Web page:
Just another thought.

What is done through the ckuser patch, is what all other e-mail systems (escluding native qmail) all do usually.
So, this is a general problem for all e-mail systems.



At 01/09/03 01/09/03 -0500, [EMAIL PROTECTED] wrote:
Just thinking out loud.....

The approach of tarpitting is to slow down the attacker without impacting
your network or requiring additional resources on your end to deal with
the cracker.  I *think* it does this by analyzing the volume of incoming
SMTP requests from the same host.

The approach of chkuser is to reduce the amount of incoming messages by
denying unknown recipients before the message Data is transmitted.

I would hate to see an expanded chkuser that requires extensive database
activity to log/monitor/tarpit the username requests.  That's throwing
more resources at a problem....

I think its entirely appropriate to respond VERY slowly to an unknown
username request.  HOWEVER, if I suddenly have a shortage of SMTPD daemons
because they are left open to service the "chkuser tarpit", and that hurts
my email service quality, then I haven't gained anything.  I would rather
be fast at dumping chkuser denials and let them guess.

I guess if there was a child daemon that could handle ALL of the chkuser
tarpits (instead of keeping an SMTPD open) then we might have something
really great.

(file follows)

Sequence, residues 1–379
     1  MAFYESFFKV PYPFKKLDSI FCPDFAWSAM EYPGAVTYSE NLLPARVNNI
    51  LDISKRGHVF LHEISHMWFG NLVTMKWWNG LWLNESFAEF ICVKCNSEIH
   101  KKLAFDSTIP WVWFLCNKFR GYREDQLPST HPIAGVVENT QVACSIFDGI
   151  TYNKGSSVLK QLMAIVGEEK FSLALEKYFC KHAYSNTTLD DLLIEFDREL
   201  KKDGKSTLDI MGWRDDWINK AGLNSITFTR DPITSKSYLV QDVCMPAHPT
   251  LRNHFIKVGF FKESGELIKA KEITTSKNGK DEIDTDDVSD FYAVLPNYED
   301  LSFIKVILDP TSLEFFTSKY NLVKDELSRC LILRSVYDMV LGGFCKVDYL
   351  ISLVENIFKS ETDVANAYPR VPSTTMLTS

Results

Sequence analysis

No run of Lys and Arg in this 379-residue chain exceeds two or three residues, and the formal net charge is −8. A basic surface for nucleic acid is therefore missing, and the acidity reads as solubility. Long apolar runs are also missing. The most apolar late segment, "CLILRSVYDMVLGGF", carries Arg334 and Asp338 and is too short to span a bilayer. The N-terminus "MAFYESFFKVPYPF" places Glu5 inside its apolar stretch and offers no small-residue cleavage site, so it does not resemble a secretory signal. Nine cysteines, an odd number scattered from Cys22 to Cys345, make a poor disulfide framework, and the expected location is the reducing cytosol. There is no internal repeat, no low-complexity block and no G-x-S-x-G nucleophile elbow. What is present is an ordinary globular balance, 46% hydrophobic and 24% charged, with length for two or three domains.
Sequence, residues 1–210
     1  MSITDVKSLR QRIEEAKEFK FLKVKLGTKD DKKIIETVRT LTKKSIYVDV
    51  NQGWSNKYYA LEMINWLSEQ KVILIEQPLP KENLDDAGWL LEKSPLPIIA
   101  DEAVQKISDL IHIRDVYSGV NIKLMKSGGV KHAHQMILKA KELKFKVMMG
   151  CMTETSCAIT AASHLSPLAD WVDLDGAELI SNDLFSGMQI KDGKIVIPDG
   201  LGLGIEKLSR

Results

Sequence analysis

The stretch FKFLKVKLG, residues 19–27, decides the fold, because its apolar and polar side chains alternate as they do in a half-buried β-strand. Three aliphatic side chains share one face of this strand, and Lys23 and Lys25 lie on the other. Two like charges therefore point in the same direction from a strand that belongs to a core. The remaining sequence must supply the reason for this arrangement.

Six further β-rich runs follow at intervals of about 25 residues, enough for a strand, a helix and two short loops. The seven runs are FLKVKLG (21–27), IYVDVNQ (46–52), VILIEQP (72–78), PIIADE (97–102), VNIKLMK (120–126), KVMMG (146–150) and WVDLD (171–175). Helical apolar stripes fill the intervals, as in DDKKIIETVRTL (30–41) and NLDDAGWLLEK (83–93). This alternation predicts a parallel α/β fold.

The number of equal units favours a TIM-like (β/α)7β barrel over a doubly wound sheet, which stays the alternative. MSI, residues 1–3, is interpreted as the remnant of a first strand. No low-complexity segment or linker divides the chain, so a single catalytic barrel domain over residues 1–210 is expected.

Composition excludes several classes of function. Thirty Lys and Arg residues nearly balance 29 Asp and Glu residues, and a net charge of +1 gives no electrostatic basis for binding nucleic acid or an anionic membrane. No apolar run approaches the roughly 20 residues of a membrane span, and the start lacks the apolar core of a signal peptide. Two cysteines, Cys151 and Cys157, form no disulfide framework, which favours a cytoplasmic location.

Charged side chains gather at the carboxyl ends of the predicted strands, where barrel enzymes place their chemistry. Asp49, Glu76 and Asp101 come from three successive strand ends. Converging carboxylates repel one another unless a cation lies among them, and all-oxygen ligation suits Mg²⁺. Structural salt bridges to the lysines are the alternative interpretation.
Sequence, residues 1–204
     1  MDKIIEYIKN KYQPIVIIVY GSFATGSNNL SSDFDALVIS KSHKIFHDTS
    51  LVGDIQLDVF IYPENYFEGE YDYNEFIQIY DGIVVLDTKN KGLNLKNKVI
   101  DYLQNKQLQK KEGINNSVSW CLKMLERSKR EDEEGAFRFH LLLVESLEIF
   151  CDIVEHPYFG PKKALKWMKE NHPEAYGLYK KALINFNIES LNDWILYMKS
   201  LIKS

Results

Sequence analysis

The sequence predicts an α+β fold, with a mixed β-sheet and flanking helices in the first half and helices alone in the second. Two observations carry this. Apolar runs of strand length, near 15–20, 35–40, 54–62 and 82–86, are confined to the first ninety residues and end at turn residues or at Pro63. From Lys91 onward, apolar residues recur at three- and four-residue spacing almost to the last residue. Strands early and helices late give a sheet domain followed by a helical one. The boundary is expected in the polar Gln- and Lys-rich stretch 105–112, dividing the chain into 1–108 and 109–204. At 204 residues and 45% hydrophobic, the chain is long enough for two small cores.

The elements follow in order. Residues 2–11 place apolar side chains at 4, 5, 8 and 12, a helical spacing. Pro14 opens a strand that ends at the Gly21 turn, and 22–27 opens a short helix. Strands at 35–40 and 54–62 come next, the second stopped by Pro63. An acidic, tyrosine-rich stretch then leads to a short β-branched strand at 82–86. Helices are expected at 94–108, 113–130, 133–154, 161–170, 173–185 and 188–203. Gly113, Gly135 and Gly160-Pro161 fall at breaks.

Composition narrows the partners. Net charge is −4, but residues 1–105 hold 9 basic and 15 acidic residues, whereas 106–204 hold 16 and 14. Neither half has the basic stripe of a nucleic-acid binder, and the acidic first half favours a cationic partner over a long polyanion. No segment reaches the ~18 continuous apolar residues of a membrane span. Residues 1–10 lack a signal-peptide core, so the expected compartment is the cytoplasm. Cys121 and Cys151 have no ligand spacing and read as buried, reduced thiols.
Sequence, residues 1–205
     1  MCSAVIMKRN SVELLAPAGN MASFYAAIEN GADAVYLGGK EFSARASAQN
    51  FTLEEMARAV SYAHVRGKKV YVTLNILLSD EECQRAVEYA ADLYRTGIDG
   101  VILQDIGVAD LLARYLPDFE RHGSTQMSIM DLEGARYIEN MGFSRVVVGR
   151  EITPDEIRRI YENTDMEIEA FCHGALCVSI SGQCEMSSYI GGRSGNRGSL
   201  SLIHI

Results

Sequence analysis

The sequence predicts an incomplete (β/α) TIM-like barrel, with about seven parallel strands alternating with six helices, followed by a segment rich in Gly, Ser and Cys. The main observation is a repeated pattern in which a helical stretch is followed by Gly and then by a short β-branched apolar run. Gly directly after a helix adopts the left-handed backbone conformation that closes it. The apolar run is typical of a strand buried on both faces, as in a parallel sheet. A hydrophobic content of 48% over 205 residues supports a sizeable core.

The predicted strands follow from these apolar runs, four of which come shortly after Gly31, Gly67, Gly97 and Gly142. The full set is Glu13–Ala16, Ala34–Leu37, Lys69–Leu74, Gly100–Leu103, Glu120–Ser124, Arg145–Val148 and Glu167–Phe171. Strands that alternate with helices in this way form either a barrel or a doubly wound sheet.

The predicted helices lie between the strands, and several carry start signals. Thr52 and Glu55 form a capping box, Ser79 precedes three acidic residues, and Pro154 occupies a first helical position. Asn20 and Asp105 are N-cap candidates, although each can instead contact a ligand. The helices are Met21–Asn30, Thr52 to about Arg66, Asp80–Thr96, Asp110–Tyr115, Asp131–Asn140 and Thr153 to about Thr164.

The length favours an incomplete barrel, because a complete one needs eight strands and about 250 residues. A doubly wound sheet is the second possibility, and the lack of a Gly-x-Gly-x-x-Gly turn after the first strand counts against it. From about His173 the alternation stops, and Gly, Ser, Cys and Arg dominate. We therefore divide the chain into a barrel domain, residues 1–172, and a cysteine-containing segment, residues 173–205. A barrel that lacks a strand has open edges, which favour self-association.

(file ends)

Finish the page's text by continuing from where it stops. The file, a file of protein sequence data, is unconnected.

Sorry if I'm being too utopian, or too vague.  Just trying to contribute.

> I thought of this initially, but then I forgot because of the general gain
> this patch gives.
> We could introduce a delay for each not existing user, or a limit for the
> maximum number of "rcpt to". But for a massive hacker, that could not be a
> problem.
> I'm thinking of a more sophisticated code, but I surely would need of a
> database where to record every attempt.
> Let me know general opinions,
> Tonino
> At 01/09/03 01/09/03 -0700, Brad Dameron wrote:
>>Speaking of this patch. I think there is a potential of people being able
>>to harvest e-mail accounts using a dictionary, etc. They can connect up
>>and just validate e-mail addresses with this patch to determine if they
>>are valid or not. This could be a spammers dream come true. I have seen
>>this occur on sendmail servers.
>>----- Original Message -----
>>From: <mailto:[EMAIL PROTECTED]>Shane Chrisp
>>  Thanks for the reply. That has fixed the problem. Compiles now, and it
>> works still with
>>the mysql backend.
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